Humans have done these things to keep people at a distance.

God has not drawn people from other cultures and religions to walk the streets of Bellevue with us to keep us at a distance from them. God has not given some of us better jobs than others so we can escape our moral responsibility, our spiritual responsibility to love our neighbors by inviting them to worship with us.

God is saying, “Enough.”

Enough. “I have sent Jesus to you to bring this community, this place of many people with common human needs for love, peace, and justice to be one house of worship – this house of worship! Right here!!

God’s amazing grace unites the divided world for a greater future; a hopeful future; a promised future where those who treasure God’s healing gift of grace eagerly anticipate seeing those on the other side of the world’s walls joining them in God’s community of reconciliation.

God’s grace overcomes fear. His grace alone heals. God’s grace reconciles the world to see our common humanity as His creatures that He is calling to worship Him in the name of Jesus Christ.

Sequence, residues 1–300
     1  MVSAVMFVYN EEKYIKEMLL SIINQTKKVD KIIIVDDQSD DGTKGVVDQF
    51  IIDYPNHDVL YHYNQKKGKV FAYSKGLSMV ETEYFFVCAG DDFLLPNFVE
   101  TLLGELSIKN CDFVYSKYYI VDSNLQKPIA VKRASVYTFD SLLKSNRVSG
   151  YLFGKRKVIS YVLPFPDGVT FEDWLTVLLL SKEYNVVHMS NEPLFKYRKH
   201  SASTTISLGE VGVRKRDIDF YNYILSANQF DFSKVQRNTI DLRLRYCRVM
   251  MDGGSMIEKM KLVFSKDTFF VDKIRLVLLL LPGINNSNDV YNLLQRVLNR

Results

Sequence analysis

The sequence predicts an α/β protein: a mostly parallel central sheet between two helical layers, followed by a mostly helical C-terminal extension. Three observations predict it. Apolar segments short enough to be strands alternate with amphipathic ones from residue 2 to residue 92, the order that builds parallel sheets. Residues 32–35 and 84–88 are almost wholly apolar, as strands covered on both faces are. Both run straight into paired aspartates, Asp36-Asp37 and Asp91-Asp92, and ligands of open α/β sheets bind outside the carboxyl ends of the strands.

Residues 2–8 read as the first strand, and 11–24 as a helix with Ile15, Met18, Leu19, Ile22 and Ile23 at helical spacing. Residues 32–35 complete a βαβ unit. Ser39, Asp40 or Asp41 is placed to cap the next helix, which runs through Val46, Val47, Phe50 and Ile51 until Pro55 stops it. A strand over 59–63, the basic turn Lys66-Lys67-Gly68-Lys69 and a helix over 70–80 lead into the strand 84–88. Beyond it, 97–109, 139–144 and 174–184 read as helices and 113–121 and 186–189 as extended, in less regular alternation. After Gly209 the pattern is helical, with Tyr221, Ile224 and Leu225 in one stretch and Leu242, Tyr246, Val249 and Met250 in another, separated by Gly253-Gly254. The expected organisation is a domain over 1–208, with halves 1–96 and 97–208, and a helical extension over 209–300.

Jesus, our Savior, is restoring people to God’s vision of us when He gave us life. Jesus, our common Savior, is healing our brokenness so we are of one heart, one mind, one spirit, living in one neighborhood without walls, through the blessing of God’s love in Jesus Christ.

Jesus Christ is the one who says get outside these walls, get inside the walls of your neighbors’ lives with love, joy, peace, patience, kindness, goodness, faithfulness and self-control. Offer your neighbor the grace that heals, the grace that reconciles us and makes us one people.

Offer your neighbor the invitation Jesus is giving them to come and worship Him in Spirit and in Truth at Bellevue United Presbyterian Church.

You know your neighbors’ lives. They’ve shared with you their challenges and their opportunities. They shared with you their concerns and their hopes for the future. You know what they are yearning for if you have been listening to them with sincere love for them.

Jesus is there for them and we are His angels of mercy to offer them new hope. We have an amazing gift to give them, the gift of Jesus!

Give them Jesus. Invite them to Jesus. Share with them Jesus. Bless them with Jesus and bring them with you to honor Jesus’ amazing grace! Amen.